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  • Writer's pictureCliff Jacobson


San Juan River, Utah: Cliff Jacobson, Bell Yellowstone solo canoe

Tumplines are magical, more so when going uphill as they hold the weight of the load tight against your back! Thousands of Voyageurs and Himalayan porters can't be wrong!

A not-so-funny thing happened this year. I turned 77. That's seventy-seven! Which is really old! Well, maybe not. The positives are: I feel great; my canoeing and camping skills have not deteriorated; my judgment (regarding river/wilderness dangers) may be sharper, and I continue to paddle and camp at every opportunity. Admittedly, there are a few downsides to being a "senior citizen": my balance (which never was very good) has become increasingly "less good". Nonetheless, I can still paddle my Bell Yellowstone solo canoe for short distances from the standing position. Carrying heavy stuff though, is another matter. When I was 60 I could single-handedly shoulder my 75 pound Royalex, Dagger Venture canoe--from my off-side! No longer. But I can do it alone from my "on-side" if you bet me I can't.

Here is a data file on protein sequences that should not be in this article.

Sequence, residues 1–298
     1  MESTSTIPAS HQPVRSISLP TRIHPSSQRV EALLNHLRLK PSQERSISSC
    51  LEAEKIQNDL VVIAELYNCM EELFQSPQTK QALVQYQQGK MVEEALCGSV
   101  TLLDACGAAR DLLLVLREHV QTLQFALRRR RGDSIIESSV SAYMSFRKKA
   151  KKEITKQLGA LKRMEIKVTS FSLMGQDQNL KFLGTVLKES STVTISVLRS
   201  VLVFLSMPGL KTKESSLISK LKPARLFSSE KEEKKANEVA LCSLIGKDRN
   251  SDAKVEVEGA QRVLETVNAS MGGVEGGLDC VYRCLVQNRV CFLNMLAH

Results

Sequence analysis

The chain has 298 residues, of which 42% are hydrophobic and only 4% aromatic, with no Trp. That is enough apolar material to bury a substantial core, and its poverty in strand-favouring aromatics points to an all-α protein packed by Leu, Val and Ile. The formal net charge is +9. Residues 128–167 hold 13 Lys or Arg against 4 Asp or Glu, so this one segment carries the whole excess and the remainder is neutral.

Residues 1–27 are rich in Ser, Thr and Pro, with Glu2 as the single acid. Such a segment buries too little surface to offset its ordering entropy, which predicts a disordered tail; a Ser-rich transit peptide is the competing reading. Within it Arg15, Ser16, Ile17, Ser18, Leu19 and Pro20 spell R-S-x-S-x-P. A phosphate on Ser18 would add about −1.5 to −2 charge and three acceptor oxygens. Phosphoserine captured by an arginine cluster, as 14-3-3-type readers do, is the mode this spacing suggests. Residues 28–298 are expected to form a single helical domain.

The point is that getting old doesn't have to shut down your trips into the wild outdoors. I've discovered that even the most rugged trips are possible at my age if I just slow down and take it easy. When I was much younger, 25+ mile days on the river were the norm. Now,15 miles are plenty and 10 are better. And layover days are simply delightful! My canoes are lighter now--28, 35 and 42 pounds for my three solo's (two Bell Yellowstone solo's and an Inegra Northstar Phoenix). I now rate any canoe that weighs more than 45 pounds, too heavy. My kit, on the other hand, has gained a few pounds, largely in "comfort" items. Additions include a roomier tent, thick, cushy sleeping pad, folding stool with backrest, a nylon rain tarp with bug-screen and a satellite phone for emergencies only.